The BBC recently reported good news for the typically strained environmental relations between the U.S. and China. Although the two countries are among the world’s top polluters, and although each seems to expect concessions the other isn’t willing to give (in terms of greenhouse gas legislation), a U.S. energy firm and China recently signed a huge solar power deal. Could the deal signal the turning over of a new leaf in the countries’ approaches to climate change?Click to continue reading »
Answer: a lot.
According to the Energy Information Agency, the planet uses 500 quadrillion btus of energy every year, and that number is expected to rise to 678 quadrillion in twenty years. Starting with those figures, and then a lot of back-of-an-envelope math, Land Art Generator Initiative has mapped the surface area required to provide the entire planet’s energy from the sun in 2030. They also did one for off-shore wind generation.
The end calculation was 191,817 square miles (496,805 square km) of land for solar panels, spread around the world. For wind it comes to 11,748,294 5 MW capacity turbines covering 5874147 square miles off-shore.
More Silly Math
The problem with these sorts of rough estimates is just how rough they are. As numerous comments point out, Land Art’s figures do not take into account power loss through transmission, or other inefficiencies. One way to check their math is to look at actual projects on the ground and see how they measure up to the figures being bandied about.Click to continue reading »
A recent article in Time magazine touted the need for sustainable agriculture. Calling the American food system “energy intensive,” the article predicted that “our industrial style of food production will end sooner or later.” The article also cited the consequences if American agriculture does not become sustainable: eroded farmland, antibiotic-resistant germs, and increasing health costs.
Another weekly news magazine, U.S. News & World Report, recently contained an article about sustainable agriculture. The article mentioned a study by the Technische Universitaet Muenchen which created a “new indicator model” to assess the sustainability of farms. Professor Kurt-Juergen Huelsbergen from the Organic Farming and Crop Production Systems at the Technische Universitaet Muenchen said that farmers who want to practice sustainable agriculture “need a solid basis for their decision-making.”Click to continue reading »
Leave it to the Scots to find ways to get energy out of whiskey.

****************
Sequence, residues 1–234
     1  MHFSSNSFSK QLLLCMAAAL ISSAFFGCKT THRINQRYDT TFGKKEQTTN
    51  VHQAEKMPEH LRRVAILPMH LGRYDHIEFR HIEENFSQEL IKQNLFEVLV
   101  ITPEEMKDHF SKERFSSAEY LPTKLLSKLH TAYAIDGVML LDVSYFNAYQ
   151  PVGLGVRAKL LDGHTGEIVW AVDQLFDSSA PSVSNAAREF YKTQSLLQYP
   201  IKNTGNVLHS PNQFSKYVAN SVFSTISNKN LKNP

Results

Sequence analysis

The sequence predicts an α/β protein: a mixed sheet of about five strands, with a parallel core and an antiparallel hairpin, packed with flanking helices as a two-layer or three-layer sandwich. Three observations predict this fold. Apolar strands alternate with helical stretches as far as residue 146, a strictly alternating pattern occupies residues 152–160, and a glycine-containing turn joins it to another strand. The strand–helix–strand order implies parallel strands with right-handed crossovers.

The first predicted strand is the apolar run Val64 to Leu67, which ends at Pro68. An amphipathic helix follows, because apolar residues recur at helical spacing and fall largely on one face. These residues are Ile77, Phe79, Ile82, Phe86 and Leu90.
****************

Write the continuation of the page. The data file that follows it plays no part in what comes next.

If you like your whiskey neat or even if you don’t this is pretty neat — Helius Energy Plc and the Combination of Rothes Distillers (CoRD) formed a joint venture known as Helius CoRDe, which will build and operate a biomass energy plant using whiskey distillery by-products.
The proposed £50 million ($82.7 million) project would reduce the carbon footprint of the whiskey industry on the Scottish island of Speyside.
The plant will use whiskey distillery by-products to fuel a 7.2-megawatt GreenSwitch biomass combined heat and power plant (CHP) and a GreenFields plant that will turn the liquid co-product of whiskey production, known as Pot Ale, into a concentrated organic fertilizer and an animal feed for use by local farmers.
Helius CoRDe will be responsible for the financing, construction and operation of the new plant. The project could save more than 20,000 tons of carbon dioxide each year when compared to CoRD’s current energy use, the distillers say.Click to continue reading »
Underlying the general excitement of 700,000 fans that populate the two-week 2009 US Open – Elite Athlete Eye Candy! Unseeded Player Dreams! Open Seating Options! – is the USTA’s ongoing, long-term commitment to greening its enterprise.
What’s the sweet spot? According to Rita Garza, Senior Director of Corporate Relations, USTA, “Outdoor tennis and a concern for the environment is a natural fit. We’re just making the connection.” 2009 marks year two of the center-wide greening initiative and the USTA’s operational strategy takes a strong external and internal approach in an number of obvious and behind the scenes ways.
Walking through grounds of the USTA’s Billie Jean King National Tennis Center – the world’s largest outdoor tennis facility – it’s hard to miss the 500 blue recycling bins, one to partner with each conventional garbage can around the 42-acre campus.Click to continue reading »
With the failures of the Kimberley Process Certification Scheme (KPCS), as evidenced by ongoing human rights abuses in Zimbabwe, pressure is building for mining and jewelry companies to become transparent, accountable, and fair. But will the new certification systems be credible?
At this year’s Fair Trade Diamond Conference in Las Vegas, discussion of competing certification systems was rigorous. At one table sat a representative from the Responsible Jewellery Council (RJC); at another sat a representative from the Alliance for Responsible Mining (ARM). Both organizations are establishing vital new standards for socially responsible—or in ARM’s case Fair Trade—gems and precious metals. But their divergent approaches highlight the importance of involving local stakeholders in creating standards that are effective and credible.